Curt Joyce died doing what he loved, running a river, living life to the fullest.
Joyce, a former Roanoker who lived in Portland, Ore., died Tuesday while kayaking on the Colorado River inside Grand Canyon National Park.
Joyce, who was 31, was a world-class kayaker and a rock climber who had traveled the world to ride rapids. He had lived in Oregon for about five years and had married recently.
“He had every guy’s dream life,” said his father, Jim Joyce.
Jim Joyce said his son always managed to have jobs that allowed flexibility to take time off for long kayak trips. He was on a 12-day, self-supported trip with eight other kayakers when he died.
Park rangers said that Joyce was discovered capsized and unresponsive in his kayak Tuesday night near the Lower Whitmore camp in the Grand Canyon. Members of the kayaking group unsuccessfully tried to resuscitate Joyce with CPR. They called rescuers with a satellite phone at about 6:30 p.m. Tuesday.
Joyce was a graduate of Patrick Henry High School and James Madison University. He played baseball in high school, playing second base and batting in the leadoff position.
Jim Joyce fostered a love of outdoors in his son. He and Curt often went backpacking in the wilderness near Mount Rogers.
“Curt and I always did a January full moon [backpacking] trip,” Jim Joyce said. The two “never saw anyone else.”
Curt’s real love was being on a river. As a teenager, he kayaked in the Bottom Creek Gorge near Bent Mountain. He worked at Blue Ridge Outdoors and at Orvis, where he got all his fly-fishing gear.
After college, Joyce worked for a company in the Washington, D.C., area that did GIS mapping for construction, engineering and environmental projects. In his free time, he kayaked Great Falls on the Potomac River.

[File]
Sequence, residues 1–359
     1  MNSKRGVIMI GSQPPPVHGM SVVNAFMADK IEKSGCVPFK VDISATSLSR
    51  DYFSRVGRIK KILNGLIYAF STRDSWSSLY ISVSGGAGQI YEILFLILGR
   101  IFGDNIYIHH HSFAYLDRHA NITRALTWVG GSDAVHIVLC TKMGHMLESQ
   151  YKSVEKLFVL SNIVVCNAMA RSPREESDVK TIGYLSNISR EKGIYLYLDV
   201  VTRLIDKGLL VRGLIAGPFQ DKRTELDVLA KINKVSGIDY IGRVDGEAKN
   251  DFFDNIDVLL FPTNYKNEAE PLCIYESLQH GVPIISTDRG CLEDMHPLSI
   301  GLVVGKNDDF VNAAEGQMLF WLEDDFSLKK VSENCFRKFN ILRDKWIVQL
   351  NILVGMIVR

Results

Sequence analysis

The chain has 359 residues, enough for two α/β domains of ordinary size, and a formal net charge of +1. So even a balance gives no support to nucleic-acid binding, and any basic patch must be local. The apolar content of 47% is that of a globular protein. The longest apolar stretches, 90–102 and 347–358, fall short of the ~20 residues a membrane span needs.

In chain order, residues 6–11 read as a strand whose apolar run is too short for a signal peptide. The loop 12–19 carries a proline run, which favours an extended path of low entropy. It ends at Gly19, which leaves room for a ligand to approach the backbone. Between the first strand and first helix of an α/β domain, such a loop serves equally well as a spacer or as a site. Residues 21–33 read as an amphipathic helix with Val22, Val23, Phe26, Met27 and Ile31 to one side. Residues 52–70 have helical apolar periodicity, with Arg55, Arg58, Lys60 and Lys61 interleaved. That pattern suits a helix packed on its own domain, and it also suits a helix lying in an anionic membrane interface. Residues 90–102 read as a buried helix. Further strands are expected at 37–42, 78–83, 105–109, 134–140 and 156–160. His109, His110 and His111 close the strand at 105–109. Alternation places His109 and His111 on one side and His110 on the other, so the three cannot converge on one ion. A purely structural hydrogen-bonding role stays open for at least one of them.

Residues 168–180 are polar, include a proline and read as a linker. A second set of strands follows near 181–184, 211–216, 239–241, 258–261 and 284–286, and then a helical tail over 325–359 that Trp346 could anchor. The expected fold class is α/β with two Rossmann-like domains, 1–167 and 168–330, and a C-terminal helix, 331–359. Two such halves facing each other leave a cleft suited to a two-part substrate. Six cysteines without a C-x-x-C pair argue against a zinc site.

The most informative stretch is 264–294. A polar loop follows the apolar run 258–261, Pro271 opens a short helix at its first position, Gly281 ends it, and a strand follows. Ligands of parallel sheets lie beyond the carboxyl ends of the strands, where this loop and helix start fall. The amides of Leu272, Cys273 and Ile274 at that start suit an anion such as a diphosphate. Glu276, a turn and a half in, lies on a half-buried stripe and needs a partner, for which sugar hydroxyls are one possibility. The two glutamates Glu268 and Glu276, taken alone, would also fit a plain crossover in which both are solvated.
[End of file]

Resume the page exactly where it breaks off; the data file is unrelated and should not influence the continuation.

“He quit that job so he would have more time to go kayaking,” his father said, “but he was so good at his job, the company hired him as a contractor. He would work for three months, then make enough money to go kayaking.”
Joyce kayaked in New Zealand, Peru and other countries. He had been a river guide since 2009 for Wet Planet Whitewater Center in Husum, Wash. He also worked as an Airborne Remote Sensing Technician for Quantum Spatial, a Portland company that gathers land data and provides mapping for engineering and environmental projects.
This week, Joyce and his fellow kayakers were nearing the end of the trip when they arrived at Lower Whitmore Rapid, a low-class rapid. The group was 10 miles below Lava Falls, perhaps the most difficult rapid on the river in the Canyon.
Joyce and his wife, Melissa, had been married just six months. On the occasion of their six-month anniversary on March 7, Melissa Joyce posted a blog item with the headline, “True Love Exists.” The post included this description of her husband:
“He can lead us in prayer, sew my clothes that need mending, cook me an awesome veggie meal, and clean the house to a shine. He can do all of these things while brewing a batch of [b]eer and Kombucha, and while making it look easy to go out and kayak a gnarly class 5 section of river.”
The post ended with this paragraph:
“True love exists. It is quiet and unassuming. It is leadership and communication. True love is having so much respect for the other person that it shows every single time you interact. Happy six months baby, here’s looking to 6 months times infinity.”
The Associated Press contributed information for this report.